Indian History, Promoting/Marketing

Interview with Hermine Strand

Today, I will be interviewing Hermine Strand, a writer’s writer, who will be self-publishing his books out of philosophical commitment. A writer living in Toronto, Canada, with an emerging international career in diverse types of fiction.

1.Tell me about yourself

I am 47 years old, totally unattached with no dependants (by a long-ago deliberate choice I’ve stuck to) and am retired in penurious comfort, now pursuing my first love: writing good fiction.

2. I understand you have a book, is it self published or traditionally published?

I am not yet published, but hopefully soon. My first novel will be To Dream Big Dreams, to be followed by a sequel called The Music Lives. Both will be part of the Glimpses of Next book series.

Meanwhile, I have also written a somewhat R-rated horror short story entitled “That One Time” that will likely be the first thing I publish, but under the pen name Lawry Street in order to avoid confusing readers. All of those will be self-published and only in various ebook formats. I am a strong believer in responsible, quality self-publishing and delivering good value to readers, because it’s the reader, not some intermediary, who ultimately matters.

3. Please can you let us know what it is about?

Glimpses of Next is a series featuring heroines who all have this in common: they are all skeptics who don’t believe in psychic phenomena or the paranormal, but they all have some limited foreknowledge of the future—not their own future, but a small number of future public events.

To Dream Big Dreams features Karla Smart, born in 1962 in the United States, who knows certain lovely music that makes trouble for her until her problems are resolved. Although not a children’s book, Dreams takes place when Karla is six years old. The sequel takes place when she is sixteen, and it’s in the sequel that she gets a nasty surprise about her music and faces a difficult choice in the musical career she has devoted herself to building.

Meanwhile, “That One Time” features Sonia Stark, a woman with a dark, horrible secret that haunts her. While stuck at the airport during a snowstorm, she meets Chris Wedger, an engaging man nearly half her age. Although Sonia is devoted to her long-suffering husband, it looks like she and Chris will become very good friends. Then things go horribly wrong, and it all has to do with her secret.

4. How did you come up with the plot/idea?

Glimpses of Next began as a novel entitled Lightning in the Thistles, which abruptly died as I was writing the twelfth chapter, turning into dust and ashes. The heroine of that novel, Cindy Poillon, is someone I still love, and I’m sad that her story will never be told. But the novel was too complex, so I decided to break it up into a series and add new series material as it comes up. Cindy will get reincarnated as Karla and her sisters, even though they are totally different people from her.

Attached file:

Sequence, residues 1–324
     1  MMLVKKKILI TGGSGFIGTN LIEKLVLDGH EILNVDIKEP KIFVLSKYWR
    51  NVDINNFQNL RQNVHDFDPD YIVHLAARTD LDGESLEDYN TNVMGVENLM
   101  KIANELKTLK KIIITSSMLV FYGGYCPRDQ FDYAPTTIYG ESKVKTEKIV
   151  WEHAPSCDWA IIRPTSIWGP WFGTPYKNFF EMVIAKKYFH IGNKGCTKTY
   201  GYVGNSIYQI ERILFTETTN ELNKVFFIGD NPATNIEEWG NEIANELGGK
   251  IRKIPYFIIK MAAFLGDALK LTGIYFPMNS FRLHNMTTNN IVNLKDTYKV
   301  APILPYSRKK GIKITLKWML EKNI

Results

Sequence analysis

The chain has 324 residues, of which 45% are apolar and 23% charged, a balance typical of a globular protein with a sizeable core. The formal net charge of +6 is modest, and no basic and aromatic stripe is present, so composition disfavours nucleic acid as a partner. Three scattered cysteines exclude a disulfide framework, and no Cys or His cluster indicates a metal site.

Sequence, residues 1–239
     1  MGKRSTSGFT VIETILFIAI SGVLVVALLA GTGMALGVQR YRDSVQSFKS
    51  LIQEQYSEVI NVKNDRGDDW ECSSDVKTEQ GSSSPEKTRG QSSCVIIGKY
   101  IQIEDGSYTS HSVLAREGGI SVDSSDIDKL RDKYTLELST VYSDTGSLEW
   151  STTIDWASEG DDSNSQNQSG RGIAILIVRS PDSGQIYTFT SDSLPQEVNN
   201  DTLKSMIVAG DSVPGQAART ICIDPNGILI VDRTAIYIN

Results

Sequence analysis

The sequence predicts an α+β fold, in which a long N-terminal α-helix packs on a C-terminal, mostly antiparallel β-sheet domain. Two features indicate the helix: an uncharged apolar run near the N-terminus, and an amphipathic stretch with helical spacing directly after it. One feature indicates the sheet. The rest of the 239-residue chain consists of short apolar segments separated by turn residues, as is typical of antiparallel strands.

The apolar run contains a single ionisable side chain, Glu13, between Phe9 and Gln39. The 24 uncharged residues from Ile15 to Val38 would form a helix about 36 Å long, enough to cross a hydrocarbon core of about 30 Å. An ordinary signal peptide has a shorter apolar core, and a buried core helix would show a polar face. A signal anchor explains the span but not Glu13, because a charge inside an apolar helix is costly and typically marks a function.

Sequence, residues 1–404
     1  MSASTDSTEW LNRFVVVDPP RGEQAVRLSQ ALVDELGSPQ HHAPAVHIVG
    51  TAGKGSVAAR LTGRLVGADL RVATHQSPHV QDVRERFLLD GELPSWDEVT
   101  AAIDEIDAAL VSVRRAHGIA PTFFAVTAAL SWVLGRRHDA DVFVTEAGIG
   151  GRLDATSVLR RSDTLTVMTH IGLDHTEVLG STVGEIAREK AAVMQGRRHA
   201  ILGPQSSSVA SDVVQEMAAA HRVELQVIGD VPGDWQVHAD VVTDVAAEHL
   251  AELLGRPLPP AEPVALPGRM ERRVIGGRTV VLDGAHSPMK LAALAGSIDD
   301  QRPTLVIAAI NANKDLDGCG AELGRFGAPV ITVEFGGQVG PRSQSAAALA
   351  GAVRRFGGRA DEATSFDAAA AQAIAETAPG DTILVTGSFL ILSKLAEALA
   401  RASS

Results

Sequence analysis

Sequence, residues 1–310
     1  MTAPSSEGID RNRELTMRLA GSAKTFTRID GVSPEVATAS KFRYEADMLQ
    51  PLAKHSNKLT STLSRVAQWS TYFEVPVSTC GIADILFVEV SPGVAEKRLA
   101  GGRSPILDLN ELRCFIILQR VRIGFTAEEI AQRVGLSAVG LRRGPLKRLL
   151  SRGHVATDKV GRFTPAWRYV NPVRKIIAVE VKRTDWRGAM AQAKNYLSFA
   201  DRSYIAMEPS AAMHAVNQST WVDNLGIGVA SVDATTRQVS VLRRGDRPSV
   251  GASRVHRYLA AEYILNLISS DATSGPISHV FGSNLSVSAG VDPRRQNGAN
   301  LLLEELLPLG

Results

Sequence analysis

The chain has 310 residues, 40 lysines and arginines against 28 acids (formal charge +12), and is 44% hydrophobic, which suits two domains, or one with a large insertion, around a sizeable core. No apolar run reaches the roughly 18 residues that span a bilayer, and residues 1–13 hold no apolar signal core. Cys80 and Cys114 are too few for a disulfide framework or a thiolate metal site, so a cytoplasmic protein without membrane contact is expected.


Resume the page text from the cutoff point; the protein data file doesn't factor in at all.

The first two novels of the series came to me easily from existing plans for Lightning. I just had to write a summary of Karla’s life story, even the parts that wouldn’t be in her novel, then create a plot summary for the first novel and note some ideas for the second.

As for “That One Time,” it has a highly colorful history. As a teenager decades ago, I watched a made-for-TV movie and perverted the title in my head, then started wanting to write a story to fit the title. A possible story came to me about twenty years later, but it was buffoonish and silly, and somebody had already made a porno movie by that name. Just a few days ago, I had occasion to discuss this with a fellow writer who does only short stories, and got inspired to write a genuine, serious story based on the concept. The first draft of “That One Time” took only about two hours to write even though it was about 4,300 words. Since then I have been refining it steadily, and hope to have it ready for publication soon.

5. How long did it take to write the book?

To Dream Big Dreams is only about 17,000 words and took about two weeks. The short story was written very quickly in a fit of inspiration, which happens rarely and is the most satisfying way for me to write—what former writer Shannon Grindstaff dubbed “the wordspill.” It’s one of my favorite concepts.

6. Did you do a lot or any research?

Instead of relying on research when I write a first draft, I rely on my life experience and scattered bits of knowledge that make a story believable. After the first draft is written, I verify my facts through research. It’s important to get the facts right, but I don’t believe in overpacking my stories with a lot of educational material, although other writers are totally free to write didactically.

7. Who are the main character(s)?

The main character of the novel and sequel is Karla Smart. The main character of the short story is Sonia Stark.

8. Who or what was your inspiration to write the story?

My inspiration for all stories is my life experience. I don’t write autobiographically, and in fact I make a big deal of my characters not being me, but their own people. Still, I stick to writing what I really do know.

9. What are you currently working on now?

I am currently doing the gruntwork on getting the first novel and short story ready for release, as well as trying to make sure that the readers who are right for my work have an opportunity to find out it exists.

10. Do you have a blog/website for the readers to reach you?

My website is called Nihilism for Dilettantes and is at I post a new blog entry every day, and there are Work and Bio pages. My public contact email address, which I share freely, is

11. Please tell us where to purchase your book.

As soon as my work is ready for purchase I’ll be sure to let you know.


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